ii
In other words, we get strong duality.
Exercises
1. Each linear program can be classified into infeasible, feasible with unbounded objective, or feasible with bounded objective. Therefore, a pair of primal and dual programs can potentially be classified into nine possible types. Not all nine combination can be achieved. For each combination either argue why it cannot be achieved, or show example (a pair of primal and dual programs).
c =
yiai.
c · x
Ax ≥ b
x free b · y
yT A = cT y≥0
a3
a1
y3a3
c
y1 a1
In other words, for all i
yi = 0 or ai · x = bi.
This is precisely the complementary slackness condition ii) of Theorem 4.3
Hint: it is possible to have an unfeasible-unfeasible primal-dual pair of programs.

week 4 – linear programming duality
discrete optimization 6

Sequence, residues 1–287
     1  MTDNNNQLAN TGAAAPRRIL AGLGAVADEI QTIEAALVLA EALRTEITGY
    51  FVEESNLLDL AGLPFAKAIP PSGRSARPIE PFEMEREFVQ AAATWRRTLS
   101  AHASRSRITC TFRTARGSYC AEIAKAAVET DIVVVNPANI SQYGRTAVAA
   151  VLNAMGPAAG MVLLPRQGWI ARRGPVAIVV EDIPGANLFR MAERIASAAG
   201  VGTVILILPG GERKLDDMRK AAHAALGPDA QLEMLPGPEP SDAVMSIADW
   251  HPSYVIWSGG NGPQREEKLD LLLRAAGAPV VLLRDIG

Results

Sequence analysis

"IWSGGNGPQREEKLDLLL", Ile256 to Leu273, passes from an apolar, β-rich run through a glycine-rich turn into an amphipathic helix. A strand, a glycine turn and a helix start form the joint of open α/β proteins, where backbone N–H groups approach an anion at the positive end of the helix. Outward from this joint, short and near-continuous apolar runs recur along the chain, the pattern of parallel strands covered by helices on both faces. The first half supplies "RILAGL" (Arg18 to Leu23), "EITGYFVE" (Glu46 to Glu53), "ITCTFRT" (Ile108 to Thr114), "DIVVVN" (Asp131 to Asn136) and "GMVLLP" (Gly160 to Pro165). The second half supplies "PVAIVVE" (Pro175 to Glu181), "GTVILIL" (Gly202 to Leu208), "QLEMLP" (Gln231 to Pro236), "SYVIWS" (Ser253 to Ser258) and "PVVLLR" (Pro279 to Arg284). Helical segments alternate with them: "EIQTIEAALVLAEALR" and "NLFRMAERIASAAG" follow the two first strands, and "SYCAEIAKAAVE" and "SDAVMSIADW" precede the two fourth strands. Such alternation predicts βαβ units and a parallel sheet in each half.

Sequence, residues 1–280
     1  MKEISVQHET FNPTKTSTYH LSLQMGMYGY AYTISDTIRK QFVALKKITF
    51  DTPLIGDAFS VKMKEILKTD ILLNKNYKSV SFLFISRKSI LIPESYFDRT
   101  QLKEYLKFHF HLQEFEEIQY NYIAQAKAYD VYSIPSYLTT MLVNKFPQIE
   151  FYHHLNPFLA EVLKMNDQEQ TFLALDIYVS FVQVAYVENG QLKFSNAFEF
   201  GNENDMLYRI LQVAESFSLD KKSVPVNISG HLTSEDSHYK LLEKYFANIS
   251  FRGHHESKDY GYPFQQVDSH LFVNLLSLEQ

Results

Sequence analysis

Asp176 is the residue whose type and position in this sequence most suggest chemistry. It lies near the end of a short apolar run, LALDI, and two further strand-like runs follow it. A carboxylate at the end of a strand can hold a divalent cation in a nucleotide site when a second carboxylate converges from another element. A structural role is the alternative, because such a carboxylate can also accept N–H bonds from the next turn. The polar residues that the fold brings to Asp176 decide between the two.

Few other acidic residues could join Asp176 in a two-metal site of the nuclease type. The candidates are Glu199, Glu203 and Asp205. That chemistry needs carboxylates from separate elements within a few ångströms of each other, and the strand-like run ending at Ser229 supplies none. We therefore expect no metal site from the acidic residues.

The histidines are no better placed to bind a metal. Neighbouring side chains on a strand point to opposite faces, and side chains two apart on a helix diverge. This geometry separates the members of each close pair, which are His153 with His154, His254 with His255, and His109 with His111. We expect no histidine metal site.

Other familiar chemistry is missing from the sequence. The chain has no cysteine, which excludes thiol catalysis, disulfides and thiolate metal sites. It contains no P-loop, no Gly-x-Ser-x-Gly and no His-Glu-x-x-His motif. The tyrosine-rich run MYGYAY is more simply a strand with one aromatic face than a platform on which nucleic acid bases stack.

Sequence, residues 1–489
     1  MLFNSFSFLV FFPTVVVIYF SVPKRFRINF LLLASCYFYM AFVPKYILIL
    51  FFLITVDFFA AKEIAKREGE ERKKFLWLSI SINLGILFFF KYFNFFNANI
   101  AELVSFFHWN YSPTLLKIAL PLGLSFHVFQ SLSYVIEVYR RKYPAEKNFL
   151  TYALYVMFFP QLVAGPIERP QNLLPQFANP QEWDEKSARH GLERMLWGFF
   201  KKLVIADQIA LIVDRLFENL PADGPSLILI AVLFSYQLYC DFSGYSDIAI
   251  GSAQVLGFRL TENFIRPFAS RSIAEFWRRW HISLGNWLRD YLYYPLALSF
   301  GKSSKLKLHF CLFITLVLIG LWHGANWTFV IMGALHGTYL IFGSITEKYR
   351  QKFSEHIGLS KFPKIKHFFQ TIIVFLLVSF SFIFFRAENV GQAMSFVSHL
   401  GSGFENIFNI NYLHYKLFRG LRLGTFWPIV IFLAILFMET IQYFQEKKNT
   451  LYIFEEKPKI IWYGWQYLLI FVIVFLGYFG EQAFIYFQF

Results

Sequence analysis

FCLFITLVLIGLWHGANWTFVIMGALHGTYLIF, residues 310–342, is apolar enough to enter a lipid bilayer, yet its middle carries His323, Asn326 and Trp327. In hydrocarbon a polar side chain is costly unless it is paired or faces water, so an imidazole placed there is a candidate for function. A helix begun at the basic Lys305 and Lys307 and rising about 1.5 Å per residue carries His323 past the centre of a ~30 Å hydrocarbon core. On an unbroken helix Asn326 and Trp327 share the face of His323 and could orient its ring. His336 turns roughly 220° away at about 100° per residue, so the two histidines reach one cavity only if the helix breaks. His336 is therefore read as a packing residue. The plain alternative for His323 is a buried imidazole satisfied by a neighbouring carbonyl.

2. Our proof of Theorem 4.2 only works for linear programs in standard form. Show that it also holds for programs of the form:
minimize c · x subject to Ax ≥ b
x≥0
First turn the above program into an equivalent4 program in standard form by introducing additional slack variables. Then show that the duals of the original program and the one in standard form are equivalent.
3. Our proof of Theorem 4.2 only works for linear programs in standard form. Show that it also holds for programs of the form:
maximize b · y subject to AT y ≤ c
y≥0
Notice that the proof of Theorem 4.2 does not work here because the program is not in standard form, but rather it is the dual of a program in standard form.
4. Let A ∈ Rm×n and b ∈ Rm. Prove that exactly one of the following alternatives holds,
i) thereexistsx∈Rn suchthatAx≥b,or
ii) thereexistsy∈Rm suchthatATy=0andy≥0andb·y>0.
* 5. Prove that the system Ax = 0 and x > 0 is infeasible if and only if the system ATy ≥ 0 and ATy ̸= 0 is feasible.